Title:  New National Human Space Programs



Source & Date

Al Globus.  Senior Research Associate. San Jose State University Foundation.  

April 2007.




Human space programs are notoriously expensive.  Although many nations would like to have a human space program, to date only Russia, America, and China have launched people into orbit, although Europe and Canada have participated in American programs such as the Shuttle (with SpaceLab) and the International Space Station (ISS), which also includes Japan.  If the cost of a human space program could be radically reduced, Europe and Japan might be interested in an independent human space program, and other large, technologically capable countries such as India, Brazil, Australia and others might develop indigenous human space capability as well.


Bigalow Aerospace (http://www.bigelowaerospace.com/) has launched two pressurized modules into orbit and plans to place a habitable space station in orbit by 2010.  They are working with Lockheed-Martin to man-rate the Atlas V for transportation to and from the space station.  The company plans to sell habitable modules for US $100 million apiece. Bigelow Aerospace has also announced  plans to offer a four-week orbital stay for US$15 million by 2012, with another four weeks for US$3 million more. Plans include leasing the entire facility for US$88 million a year, or half for US$54 million.



No nation currently has firm plans to take advantage of the Bigalow Aerospace space station.  However, assuming $50 million to launch and return each astronaut, each eight week stay for two astronauts would cost about $150 million expensive but well within the capacities of a number of nations and significantly cheaper launch would radically improve this. What would such a human space program look like?



The TP has the following assignment: 


Part I

1) Define at least two human space programs based on leasing a space station at Bigalow Aerospace prices.  One program should be low cost suitable for up and coming developing countries such as India or Brazil; the second should be somewhat more expensive suitable for a European country, Japan, Canada, Australia or similar nation.

2) Assess the benefits to nations executing such a program.

3) Identify potential low-cost vehicles for delivery and return of personnel, materials, and equipment.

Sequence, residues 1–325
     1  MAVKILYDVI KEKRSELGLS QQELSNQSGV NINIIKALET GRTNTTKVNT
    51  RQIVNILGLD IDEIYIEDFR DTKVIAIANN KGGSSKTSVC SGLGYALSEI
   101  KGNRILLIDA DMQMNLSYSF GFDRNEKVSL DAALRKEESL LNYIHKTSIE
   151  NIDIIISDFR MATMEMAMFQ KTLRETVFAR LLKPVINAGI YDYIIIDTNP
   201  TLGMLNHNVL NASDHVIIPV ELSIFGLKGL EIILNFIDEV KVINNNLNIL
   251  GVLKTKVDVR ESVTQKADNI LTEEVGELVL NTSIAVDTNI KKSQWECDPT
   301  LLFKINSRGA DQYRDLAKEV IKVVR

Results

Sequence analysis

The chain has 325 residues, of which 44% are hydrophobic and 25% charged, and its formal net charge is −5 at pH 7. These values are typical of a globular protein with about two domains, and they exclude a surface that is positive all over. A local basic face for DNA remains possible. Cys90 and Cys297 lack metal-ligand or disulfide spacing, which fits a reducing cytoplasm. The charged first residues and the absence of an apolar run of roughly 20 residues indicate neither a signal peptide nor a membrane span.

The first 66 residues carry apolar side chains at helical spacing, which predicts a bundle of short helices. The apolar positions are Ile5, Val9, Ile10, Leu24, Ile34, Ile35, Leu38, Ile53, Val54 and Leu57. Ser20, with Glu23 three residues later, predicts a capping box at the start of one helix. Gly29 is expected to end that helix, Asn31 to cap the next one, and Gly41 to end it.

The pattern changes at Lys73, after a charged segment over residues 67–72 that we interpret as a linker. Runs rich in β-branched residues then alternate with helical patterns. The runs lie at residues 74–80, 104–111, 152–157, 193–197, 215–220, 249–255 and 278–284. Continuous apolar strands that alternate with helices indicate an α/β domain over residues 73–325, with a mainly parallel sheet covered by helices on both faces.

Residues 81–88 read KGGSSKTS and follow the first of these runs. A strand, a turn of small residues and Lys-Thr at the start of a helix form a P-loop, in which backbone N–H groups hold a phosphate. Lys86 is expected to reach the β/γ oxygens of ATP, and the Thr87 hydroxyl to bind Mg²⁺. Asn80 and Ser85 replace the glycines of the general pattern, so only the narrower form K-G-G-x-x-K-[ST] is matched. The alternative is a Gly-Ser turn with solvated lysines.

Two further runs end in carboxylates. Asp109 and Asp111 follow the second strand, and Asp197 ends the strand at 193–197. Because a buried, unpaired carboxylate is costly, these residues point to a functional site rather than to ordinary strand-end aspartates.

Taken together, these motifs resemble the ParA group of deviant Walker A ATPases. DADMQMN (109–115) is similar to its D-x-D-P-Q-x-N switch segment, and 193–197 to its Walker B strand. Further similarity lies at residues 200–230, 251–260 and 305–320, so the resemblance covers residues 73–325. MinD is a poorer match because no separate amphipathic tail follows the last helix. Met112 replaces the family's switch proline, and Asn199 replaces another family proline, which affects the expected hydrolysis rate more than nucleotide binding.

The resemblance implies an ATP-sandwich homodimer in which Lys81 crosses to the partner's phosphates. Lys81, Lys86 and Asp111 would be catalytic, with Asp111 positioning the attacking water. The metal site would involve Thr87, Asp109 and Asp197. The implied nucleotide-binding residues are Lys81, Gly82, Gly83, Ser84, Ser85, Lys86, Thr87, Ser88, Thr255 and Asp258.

4) Identify countries that might be interested in executing the programs.

Expected level of involvement by department area


               Business            Life              Policy           Physical          Satellite          Systems           Space

            Management       Science           & Law           Science       Applications     Engineering & Society

Major                             X                                      X                   X                   X                   X



Brief explanation of expected involvement by department area

 Space Business & Management:   NA.         

 Space Life Sciences:                    Identify the most valuable areas of research for each program, and define at least three relevant experiments.                   

 Space Policy & Law:                     NA.

 Space Physical Sciences:             Identify the most valuable areas of research for each program, and define at least three relevant experiments.

 Satellite Applications:                     Identify the most valuable applications for development by each program, and define at least three technology applications.

 Space Systems Engineering:         Design the equipment and determine the materials and personnel required.

 Space & Society:                           Determine the benefits nations would accrue.  




Window of Opportunity

This proposed TP is viable for the next decade or so.




This proposed TP is likely to be of great interest to a number of nations.